Handle incomplete end-of-device block
|Failed to load latest commit information.|
|.gitignore||Ignore generated files|
|Makefile||Make only when needed|
|scam-o-matic.c||Add percentage for scam scan too|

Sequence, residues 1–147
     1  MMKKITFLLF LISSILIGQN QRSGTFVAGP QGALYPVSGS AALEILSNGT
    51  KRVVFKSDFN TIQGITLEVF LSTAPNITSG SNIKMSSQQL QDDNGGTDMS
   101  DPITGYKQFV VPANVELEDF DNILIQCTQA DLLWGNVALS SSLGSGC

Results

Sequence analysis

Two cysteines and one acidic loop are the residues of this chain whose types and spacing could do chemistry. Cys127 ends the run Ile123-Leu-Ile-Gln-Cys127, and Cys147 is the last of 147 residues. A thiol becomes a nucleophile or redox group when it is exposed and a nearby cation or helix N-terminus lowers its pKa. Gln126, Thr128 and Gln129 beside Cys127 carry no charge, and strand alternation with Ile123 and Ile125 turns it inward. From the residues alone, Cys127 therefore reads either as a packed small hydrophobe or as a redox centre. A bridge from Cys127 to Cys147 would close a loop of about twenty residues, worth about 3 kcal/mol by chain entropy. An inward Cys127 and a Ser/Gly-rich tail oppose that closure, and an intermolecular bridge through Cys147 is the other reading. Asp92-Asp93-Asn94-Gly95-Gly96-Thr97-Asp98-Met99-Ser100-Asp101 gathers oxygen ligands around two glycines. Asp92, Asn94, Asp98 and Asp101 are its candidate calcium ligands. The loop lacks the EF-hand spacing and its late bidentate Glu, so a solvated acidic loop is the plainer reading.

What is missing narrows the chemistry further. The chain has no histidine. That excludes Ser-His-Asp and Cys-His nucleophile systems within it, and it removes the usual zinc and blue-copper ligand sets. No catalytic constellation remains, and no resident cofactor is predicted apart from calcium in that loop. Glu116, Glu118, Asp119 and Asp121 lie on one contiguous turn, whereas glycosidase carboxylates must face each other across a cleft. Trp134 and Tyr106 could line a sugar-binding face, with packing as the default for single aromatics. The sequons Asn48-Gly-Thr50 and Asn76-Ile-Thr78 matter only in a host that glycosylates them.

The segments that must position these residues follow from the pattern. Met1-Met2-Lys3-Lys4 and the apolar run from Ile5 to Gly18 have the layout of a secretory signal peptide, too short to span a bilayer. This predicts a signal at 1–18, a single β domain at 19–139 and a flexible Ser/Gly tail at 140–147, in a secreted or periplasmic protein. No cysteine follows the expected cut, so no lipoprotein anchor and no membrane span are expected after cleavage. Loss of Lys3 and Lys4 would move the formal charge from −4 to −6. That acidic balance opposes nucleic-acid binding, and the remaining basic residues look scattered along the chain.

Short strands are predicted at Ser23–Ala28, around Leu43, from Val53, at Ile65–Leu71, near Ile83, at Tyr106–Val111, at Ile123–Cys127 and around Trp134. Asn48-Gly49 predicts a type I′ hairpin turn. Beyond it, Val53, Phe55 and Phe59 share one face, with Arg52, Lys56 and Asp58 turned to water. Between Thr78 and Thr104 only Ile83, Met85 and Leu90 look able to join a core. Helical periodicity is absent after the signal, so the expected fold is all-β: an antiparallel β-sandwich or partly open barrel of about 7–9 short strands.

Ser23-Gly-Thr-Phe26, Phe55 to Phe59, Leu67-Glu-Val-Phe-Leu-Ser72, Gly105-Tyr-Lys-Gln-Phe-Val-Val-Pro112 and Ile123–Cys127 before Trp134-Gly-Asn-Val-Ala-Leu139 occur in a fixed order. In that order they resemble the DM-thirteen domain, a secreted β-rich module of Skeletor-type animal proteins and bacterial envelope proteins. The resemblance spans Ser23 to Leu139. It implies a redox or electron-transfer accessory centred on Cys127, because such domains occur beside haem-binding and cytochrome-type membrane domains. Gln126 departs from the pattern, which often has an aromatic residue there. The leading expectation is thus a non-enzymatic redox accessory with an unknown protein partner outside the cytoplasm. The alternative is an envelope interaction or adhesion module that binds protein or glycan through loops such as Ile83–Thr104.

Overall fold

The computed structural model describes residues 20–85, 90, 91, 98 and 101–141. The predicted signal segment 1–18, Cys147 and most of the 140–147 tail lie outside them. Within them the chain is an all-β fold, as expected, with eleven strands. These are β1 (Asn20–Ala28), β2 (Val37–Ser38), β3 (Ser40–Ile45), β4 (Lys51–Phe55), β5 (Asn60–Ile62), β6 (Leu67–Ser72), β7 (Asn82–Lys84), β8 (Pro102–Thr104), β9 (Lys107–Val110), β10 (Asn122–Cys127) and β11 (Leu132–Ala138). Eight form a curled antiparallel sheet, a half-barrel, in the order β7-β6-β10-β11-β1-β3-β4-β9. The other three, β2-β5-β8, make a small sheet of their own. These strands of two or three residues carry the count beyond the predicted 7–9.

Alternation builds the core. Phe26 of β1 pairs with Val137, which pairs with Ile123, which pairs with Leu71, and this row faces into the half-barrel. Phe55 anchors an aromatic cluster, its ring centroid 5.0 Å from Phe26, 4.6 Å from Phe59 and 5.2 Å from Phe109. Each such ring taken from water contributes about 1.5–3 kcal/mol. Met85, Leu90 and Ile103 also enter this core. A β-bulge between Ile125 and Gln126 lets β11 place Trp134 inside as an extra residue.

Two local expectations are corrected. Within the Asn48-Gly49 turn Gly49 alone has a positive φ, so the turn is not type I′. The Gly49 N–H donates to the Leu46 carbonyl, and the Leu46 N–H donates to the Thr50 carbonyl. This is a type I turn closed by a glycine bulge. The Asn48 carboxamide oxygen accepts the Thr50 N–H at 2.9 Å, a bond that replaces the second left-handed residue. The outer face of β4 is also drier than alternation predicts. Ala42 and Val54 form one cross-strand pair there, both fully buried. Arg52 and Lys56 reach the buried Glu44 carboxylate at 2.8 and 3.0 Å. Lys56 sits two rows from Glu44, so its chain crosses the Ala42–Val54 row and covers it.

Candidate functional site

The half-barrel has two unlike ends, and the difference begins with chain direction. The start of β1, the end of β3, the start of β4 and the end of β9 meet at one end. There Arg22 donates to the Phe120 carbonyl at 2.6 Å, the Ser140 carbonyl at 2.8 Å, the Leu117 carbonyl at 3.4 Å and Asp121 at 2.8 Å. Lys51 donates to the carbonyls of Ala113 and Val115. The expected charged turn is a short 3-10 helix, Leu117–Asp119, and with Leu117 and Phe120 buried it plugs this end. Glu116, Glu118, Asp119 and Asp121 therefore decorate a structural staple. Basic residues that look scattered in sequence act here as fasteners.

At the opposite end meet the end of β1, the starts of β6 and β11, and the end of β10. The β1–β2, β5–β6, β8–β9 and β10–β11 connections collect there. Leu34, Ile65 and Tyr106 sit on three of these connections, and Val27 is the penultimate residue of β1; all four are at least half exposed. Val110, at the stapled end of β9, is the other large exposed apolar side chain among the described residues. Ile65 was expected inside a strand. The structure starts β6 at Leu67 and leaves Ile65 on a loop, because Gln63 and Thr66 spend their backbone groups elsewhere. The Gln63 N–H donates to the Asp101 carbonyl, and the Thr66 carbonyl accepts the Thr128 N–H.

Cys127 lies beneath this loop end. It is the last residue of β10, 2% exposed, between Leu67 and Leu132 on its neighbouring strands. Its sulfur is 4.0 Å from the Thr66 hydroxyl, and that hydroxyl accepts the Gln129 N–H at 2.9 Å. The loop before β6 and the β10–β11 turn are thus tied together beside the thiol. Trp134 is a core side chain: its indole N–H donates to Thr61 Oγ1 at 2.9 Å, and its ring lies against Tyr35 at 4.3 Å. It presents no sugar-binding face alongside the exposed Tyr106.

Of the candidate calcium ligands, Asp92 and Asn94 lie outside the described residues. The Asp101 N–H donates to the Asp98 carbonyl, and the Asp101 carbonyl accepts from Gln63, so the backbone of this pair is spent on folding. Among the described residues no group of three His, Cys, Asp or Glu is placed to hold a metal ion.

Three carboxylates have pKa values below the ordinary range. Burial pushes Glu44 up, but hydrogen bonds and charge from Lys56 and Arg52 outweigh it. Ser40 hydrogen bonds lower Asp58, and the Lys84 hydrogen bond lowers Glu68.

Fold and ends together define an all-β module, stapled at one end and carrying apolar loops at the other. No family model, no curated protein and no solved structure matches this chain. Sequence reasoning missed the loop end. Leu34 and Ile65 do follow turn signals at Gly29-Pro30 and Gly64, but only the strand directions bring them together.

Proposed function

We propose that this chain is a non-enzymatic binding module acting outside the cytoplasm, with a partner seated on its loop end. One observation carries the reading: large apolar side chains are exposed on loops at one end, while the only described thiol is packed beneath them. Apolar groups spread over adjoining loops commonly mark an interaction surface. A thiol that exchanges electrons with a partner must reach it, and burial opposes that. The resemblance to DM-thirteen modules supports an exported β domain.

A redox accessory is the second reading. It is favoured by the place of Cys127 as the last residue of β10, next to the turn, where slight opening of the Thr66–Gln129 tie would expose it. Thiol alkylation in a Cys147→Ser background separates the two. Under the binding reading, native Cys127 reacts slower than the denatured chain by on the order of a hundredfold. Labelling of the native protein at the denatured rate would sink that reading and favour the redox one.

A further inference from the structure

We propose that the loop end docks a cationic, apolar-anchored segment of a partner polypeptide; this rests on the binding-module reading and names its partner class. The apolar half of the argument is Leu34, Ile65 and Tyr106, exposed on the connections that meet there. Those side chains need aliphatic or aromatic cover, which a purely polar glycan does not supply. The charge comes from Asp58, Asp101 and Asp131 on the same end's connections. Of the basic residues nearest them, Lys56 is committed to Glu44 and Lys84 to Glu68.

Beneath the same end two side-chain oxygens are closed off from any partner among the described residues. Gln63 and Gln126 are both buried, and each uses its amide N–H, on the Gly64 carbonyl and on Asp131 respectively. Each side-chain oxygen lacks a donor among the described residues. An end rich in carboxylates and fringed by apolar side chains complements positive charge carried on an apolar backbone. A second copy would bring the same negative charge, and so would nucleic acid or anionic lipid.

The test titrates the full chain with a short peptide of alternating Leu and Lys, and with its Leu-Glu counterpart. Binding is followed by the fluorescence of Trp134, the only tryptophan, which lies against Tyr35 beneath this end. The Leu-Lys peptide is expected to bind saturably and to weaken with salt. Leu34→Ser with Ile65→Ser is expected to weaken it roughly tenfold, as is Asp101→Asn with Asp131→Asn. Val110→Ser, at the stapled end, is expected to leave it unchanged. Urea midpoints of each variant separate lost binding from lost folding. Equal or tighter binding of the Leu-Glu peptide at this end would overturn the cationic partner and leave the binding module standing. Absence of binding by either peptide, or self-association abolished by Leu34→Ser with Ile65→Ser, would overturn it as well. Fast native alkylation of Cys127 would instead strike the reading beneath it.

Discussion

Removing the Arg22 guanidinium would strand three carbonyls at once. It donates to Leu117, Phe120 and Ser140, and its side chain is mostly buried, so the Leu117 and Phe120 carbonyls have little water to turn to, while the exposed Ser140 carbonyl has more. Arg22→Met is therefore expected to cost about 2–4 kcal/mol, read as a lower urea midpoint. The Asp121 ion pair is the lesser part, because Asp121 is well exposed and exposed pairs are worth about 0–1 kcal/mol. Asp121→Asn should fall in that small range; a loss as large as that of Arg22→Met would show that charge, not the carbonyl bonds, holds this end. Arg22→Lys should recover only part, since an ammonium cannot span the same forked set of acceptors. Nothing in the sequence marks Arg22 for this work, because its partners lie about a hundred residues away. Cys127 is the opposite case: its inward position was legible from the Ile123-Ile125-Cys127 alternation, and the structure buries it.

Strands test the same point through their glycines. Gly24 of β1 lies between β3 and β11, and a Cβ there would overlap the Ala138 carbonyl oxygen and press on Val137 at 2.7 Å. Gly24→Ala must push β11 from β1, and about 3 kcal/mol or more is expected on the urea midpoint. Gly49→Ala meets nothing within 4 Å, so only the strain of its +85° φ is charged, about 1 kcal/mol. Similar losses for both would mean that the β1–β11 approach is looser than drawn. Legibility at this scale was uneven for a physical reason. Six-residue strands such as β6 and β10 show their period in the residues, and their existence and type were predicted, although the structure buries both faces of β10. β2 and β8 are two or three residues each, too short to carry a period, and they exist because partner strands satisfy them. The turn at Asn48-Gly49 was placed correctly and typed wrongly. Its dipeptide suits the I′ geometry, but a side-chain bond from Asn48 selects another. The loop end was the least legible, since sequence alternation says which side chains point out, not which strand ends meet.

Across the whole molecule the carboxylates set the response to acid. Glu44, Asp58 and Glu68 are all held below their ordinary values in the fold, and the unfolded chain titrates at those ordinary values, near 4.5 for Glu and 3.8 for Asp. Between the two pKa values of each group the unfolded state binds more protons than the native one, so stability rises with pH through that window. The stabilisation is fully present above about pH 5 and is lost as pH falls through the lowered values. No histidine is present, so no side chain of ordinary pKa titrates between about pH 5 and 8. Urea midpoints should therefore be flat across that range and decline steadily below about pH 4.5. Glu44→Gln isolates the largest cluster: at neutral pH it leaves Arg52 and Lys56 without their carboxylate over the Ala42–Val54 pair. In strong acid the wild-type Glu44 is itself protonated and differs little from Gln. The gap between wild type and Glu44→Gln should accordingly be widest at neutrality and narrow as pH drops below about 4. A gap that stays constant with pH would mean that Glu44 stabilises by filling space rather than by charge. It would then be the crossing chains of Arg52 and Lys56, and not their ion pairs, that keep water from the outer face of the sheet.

Well, I've been scammed. You might have heard of the SD card scam, when you buy a card, and it reports to be bigger, than it actually is, and whatever you write beyond the boundary of the really available space gets lost. I ordered a bunch of 5 microSD cards, 4GiB each, and they were a pure scam with about 115 MiB instead of 4 GiB. Luckily, I managed to get my money back, via opening a dispute and later a claim (Scammers didn't want to give the money back, did they?), but the cards still remained here. To test such shitty cards there exist 2 tools: h2testw and f3. First for windows, second for linux. They figure out the real capacity for you. I didn't like them, because they took ages to scan one 4 GiB card. And, they operated upon a upon a filesystem, that I didn't like as well. So I wrote my own tool. It's dumb as hell, and was created while f3 was still scanning one card. And it's a lot faster. Meet 'scam-o-matic'. It writes some preudorandom data to the card, until it detects something bad. Usually that happens when we reach the boundary of 'good', somewhat 'reliable' memory. Then it double-checks the region, and if everything is fine (e.g. no mismatches between first and second pass) it creates a partition table for you, with one partition that covers only working area of the card. Now just format it, alter the type with cfdisk, and make use of it. COMPILATION: gcc -o scam-o-matic scam-o-matic.c USAGE: scam-o-matic /dev/sdX /dev/sdX - should be the path to the device node of the card. e.g. /dev/sdf The program will prompt you for everything else. Sometimes, one pass gives some unreliable results, that screw, when you verify them. A second shot gives you some better ones. Have fun.